Use the Bookmarks or Favorites feature of your web browser to save and organize sites that look promising.
Using Other Information Sources: Interviews With so many print and electronic media readily available, it is easy to overlook another valuable information resource: Consider whether you could use a person or group as a primary source.
For instance, you might interview a professor who has expertise in a particular subject, a worker within a particular industry, or a representative from a political organization.
Interviews can be a great way to get firsthand information. To get the most out of an interview, you will need to plan ahead. Contact your subject early in the research process and explain your purpose for requesting an interview.
Open-ended questions, rather than questions with simple yes-or-no answers, are more likely to lead to an in-depth discussion. Take careful notes and be ready to ask follow-up questions based on what you learn. Tip If scheduling an in-person meeting is difficult, consider arranging a telephone interview or asking your subject to respond to your questions via e-mail.
Recognize that any of these formats takes time and effort. Be prompt and courteous, avoid going over the allotted interview time, and be flexible if your subject needs to reschedule. Evaluating Research Resources As you gather sources, you will need to examine them with a critical eye.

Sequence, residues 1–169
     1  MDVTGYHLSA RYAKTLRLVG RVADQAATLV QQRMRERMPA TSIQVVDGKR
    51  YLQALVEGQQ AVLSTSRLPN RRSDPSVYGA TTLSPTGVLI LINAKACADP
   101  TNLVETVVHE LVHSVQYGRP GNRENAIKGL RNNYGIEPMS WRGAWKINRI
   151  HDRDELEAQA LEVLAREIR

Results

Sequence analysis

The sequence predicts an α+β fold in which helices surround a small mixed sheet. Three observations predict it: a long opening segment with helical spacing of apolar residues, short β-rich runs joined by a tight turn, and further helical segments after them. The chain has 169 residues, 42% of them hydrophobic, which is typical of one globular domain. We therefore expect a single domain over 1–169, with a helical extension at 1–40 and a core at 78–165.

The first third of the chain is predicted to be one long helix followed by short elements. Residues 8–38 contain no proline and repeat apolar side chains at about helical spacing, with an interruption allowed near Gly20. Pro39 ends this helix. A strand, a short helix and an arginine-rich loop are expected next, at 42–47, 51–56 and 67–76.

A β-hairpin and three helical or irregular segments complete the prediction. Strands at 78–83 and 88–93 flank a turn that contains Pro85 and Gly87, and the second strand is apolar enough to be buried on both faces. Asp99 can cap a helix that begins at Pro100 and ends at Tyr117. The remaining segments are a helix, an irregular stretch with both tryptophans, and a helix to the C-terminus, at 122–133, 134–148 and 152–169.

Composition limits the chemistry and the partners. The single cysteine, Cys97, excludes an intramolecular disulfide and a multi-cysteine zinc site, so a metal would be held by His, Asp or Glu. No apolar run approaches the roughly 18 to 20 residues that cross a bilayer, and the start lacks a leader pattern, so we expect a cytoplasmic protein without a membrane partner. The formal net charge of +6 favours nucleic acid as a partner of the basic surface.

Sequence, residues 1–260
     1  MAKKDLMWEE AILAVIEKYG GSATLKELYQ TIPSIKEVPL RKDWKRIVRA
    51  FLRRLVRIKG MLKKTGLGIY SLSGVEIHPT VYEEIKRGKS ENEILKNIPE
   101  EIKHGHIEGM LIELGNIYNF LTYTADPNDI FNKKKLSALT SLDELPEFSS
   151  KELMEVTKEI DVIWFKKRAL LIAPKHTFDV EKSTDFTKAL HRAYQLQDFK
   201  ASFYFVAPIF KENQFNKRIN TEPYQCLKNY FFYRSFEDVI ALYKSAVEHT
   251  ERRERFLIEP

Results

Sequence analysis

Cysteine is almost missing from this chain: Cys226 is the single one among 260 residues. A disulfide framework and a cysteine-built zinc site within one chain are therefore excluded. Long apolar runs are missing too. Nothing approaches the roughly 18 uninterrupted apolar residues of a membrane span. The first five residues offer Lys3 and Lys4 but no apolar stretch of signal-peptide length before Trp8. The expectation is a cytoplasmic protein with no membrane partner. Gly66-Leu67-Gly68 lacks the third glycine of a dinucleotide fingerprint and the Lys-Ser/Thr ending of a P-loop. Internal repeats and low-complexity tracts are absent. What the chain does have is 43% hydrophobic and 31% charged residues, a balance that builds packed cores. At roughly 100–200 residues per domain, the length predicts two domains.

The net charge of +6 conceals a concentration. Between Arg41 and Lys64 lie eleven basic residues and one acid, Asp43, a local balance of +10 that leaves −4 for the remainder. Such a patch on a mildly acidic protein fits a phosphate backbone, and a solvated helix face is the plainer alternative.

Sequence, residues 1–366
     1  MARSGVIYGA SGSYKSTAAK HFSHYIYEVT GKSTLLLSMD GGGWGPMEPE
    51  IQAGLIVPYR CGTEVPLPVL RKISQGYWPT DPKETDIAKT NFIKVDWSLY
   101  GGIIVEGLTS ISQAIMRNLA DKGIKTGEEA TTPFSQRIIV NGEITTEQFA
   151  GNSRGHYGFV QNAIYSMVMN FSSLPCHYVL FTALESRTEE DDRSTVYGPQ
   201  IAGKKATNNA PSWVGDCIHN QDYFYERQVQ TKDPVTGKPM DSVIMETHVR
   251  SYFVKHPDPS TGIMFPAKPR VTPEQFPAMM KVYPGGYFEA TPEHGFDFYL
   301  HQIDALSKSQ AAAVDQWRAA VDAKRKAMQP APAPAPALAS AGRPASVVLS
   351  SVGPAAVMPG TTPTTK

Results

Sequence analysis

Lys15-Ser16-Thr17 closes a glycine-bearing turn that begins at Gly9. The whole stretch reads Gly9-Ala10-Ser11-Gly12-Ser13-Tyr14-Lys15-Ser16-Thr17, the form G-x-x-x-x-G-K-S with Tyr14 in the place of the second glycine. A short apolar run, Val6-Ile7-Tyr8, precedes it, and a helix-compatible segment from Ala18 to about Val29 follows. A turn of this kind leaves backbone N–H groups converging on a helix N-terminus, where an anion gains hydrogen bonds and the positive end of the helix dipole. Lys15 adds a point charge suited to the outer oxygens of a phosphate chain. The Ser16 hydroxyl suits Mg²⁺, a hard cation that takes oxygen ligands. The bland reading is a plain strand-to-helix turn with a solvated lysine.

Smart researchers continually ask themselves two questions:Strategies for Gathering and Evaluating Sources Evaluate three sources for your final project by completing this worksheet. Your responses provide the information you need to complete the annotated bibliography for your Week Three assignment.
Below is an essay on "Source Evaluation" from Anti Essays, your source for research papers, essays, and term paper examples.
In general, a book published by a university press is likely but not necessarily more trustworthy than mass-market books that are written in a hurry to make a quick profit. Gathering and Evaluating Information Associate Level Material Appendix I Strategies for Gathering Information Fill in the following information for each of your sources: • .
Evaluating Sources Use credible research sources to strengthen your arguments. Sometimes your instructor will require you to incorporate certain types of resources into your research, but for other assignments, you will be looking for sources on your own.
35 A. GATHERING AND ANALYZING EVIDENCE Use these strategies during the unit.
Once students understand the prompt and have begun to form opinions on the broad issues, they are ready to dig into the historical content. Sep 15, · How to Write an Evaluation Essay. What is an Evaluation Paper? Source. Steps in Writing.
Finding Criteria for Evaluation Essays. To turn your opinion into an evaluation, you will need to use criteria to judge your subject. Look at “How to Write and Evaluation Essay” Organization Strategies.
Which of these will you use? Explain how Reviews: